To add insult to injury Judge Robert Bauman who IMVHO is a very misguided Judge, refused to allow the tax-payer's watchdog, the Auditor General, to audit the Legal bills to see how come they were sooo high.

Apparently the rights of two individuals who have already pled guilty trumps the ability of the Auditor General to do his job and point out waste and corruption.

What message does that give the legal profession? If you can get a clerk in Victoria to sign off on your billing, you are audit free!!!

I cannot believe what a carte blanche Bauman has given his fellow lawyers!

Once again I say PPP do not work. If the project is profitable, the Private keeps it, and if it doesn't the Public owns it. The financial sharks make sure they write the deals so that is how it works out. The other side of the table are well-meaning but naive councillors and city officials who are no match for the sharks. We are witnessing the result now.

Of course the councillors are mostly gone and the officials still get their bonuses and pensions and us suckers get to pick up the tab.

Thursday, August 22, 2013

Make or break time

The graph above is the Canadian five year bond yield. As you can see it started it's parabolic ascent early May. The rush to use up the low-rate pre-approvals SHOULD be almost over. Unless we are really headed for the stratosphere I actually expect things to settle here for a while. The US economy (which is what started the super low rates and now the rebound) is not strong enough to absorb much higher rates.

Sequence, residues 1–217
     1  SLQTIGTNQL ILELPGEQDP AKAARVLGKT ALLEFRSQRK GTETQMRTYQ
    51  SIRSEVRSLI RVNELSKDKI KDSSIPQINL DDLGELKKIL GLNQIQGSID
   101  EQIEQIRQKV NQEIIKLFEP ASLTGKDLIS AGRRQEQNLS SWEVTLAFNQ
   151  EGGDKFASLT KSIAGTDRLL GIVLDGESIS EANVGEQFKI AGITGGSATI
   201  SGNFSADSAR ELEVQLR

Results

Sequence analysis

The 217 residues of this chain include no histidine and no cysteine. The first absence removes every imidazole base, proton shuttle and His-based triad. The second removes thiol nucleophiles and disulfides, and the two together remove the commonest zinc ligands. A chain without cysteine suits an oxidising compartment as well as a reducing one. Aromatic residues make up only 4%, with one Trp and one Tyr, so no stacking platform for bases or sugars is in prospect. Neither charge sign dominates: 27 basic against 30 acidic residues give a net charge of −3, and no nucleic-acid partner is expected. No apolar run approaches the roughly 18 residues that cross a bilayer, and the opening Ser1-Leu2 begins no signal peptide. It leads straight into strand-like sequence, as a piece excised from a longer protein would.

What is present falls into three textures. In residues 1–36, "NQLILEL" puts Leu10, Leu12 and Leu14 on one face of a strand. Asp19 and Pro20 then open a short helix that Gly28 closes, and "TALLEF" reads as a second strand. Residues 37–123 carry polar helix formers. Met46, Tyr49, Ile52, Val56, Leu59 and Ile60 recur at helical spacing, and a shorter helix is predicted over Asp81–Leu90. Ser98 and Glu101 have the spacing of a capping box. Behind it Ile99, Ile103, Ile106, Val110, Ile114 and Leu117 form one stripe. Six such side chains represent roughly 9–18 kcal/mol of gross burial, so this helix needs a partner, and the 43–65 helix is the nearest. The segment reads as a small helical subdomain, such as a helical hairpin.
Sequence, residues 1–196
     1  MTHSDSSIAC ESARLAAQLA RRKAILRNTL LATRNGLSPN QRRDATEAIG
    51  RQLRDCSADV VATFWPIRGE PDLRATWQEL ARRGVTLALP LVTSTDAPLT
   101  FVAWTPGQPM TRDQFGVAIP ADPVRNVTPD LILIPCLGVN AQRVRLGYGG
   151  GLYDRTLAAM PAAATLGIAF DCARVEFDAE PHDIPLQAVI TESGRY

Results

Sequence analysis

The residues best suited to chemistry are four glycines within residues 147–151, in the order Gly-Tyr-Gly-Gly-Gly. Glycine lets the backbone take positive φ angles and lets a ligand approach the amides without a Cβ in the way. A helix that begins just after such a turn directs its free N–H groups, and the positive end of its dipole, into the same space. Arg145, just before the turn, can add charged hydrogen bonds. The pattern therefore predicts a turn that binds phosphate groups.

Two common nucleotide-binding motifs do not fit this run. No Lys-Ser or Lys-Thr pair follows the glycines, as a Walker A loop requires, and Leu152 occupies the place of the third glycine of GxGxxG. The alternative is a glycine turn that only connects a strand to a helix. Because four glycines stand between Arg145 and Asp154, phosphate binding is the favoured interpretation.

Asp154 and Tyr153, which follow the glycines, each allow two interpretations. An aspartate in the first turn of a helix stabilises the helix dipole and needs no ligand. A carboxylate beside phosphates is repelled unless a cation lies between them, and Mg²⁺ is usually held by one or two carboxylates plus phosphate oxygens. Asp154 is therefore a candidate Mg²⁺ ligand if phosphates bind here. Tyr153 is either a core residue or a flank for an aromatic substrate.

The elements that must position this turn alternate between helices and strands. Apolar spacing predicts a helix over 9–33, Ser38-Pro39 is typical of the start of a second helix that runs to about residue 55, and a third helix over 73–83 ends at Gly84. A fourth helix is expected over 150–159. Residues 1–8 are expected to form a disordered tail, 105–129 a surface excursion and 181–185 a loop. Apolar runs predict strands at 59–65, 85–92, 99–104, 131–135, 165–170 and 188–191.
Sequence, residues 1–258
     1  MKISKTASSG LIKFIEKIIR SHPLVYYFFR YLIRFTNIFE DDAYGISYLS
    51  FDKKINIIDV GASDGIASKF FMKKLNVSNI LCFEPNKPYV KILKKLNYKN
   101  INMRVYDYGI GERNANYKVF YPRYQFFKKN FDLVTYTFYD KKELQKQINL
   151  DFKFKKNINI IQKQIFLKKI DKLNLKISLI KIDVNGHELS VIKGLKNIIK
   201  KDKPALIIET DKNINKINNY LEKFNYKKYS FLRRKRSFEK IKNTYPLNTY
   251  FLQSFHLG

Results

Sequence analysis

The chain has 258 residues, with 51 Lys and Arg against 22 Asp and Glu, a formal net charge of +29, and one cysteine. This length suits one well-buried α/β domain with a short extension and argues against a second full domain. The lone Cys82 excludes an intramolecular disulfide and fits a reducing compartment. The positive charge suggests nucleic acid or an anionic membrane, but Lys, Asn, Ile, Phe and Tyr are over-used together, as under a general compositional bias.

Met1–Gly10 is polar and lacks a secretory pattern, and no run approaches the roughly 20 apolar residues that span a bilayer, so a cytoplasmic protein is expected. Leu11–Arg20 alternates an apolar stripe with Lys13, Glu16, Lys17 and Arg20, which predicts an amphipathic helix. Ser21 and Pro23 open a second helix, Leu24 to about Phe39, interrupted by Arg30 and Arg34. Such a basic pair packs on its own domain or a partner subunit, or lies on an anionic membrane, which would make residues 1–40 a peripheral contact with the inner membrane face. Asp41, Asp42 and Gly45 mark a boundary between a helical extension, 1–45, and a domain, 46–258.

Throw in the CMHC changes, tepid jobs and wages situation and we should see some real weakness in the low and mid market starting right now! As I have said before the higher end has it's own dynamics.

Friday, August 16, 2013

Wednesday, August 14, 2013

Self Serving Propaganda

Off topic.

Have you heard the ads by the telecom giants, Bell, Rogers and Telus. They have some average employee who tells you that if the Government lets Verizon in to Canada then this unfortunate soul will lose their job and they and their family will be cast out to the wolves.

Funny how they pick lower ranking employees, not someone from the executive suite.

How about the CEO of Telus doing the ad and saying..." I made $11 Million last year and $10 Million the year before and if Verizon comes in, I may lose my bonus".

Or the Rogers CEO saying.."Next year I get a $18.5 Million retirement package and um...well good luck with that Verizon things".

In fact the three CEO's earned $23 Big ones between the three of them. Enough to run a medium sized hospital or two High schools.

That is our society folks.

These companies who have shamelessly outsourced call and technical centres outside of Canada, are now waving the flag and asking for protection from that big hairy American company.

We could be more sympathetic if you weren't such greedy ba$tard$!! 

My cousin who has ATT comes up here from the US and uses his phone without a second thought to call the US or anywhere worldwide for one fixed rate. 

Whereas we make sure we have every button turned off to airplane mode or free wifi only to make sure we never inadvertently down-load a text or e-mail in Calgary, never mind the US.

Last year I went to Europe and somehow my phone set itself free and downloaded two banal text messages and one e-mail. I heard the ping and my heart sank. Sure enough, when we went back home the bill from Fido (Roger's pooch to make us feel like we have choice) was over $50!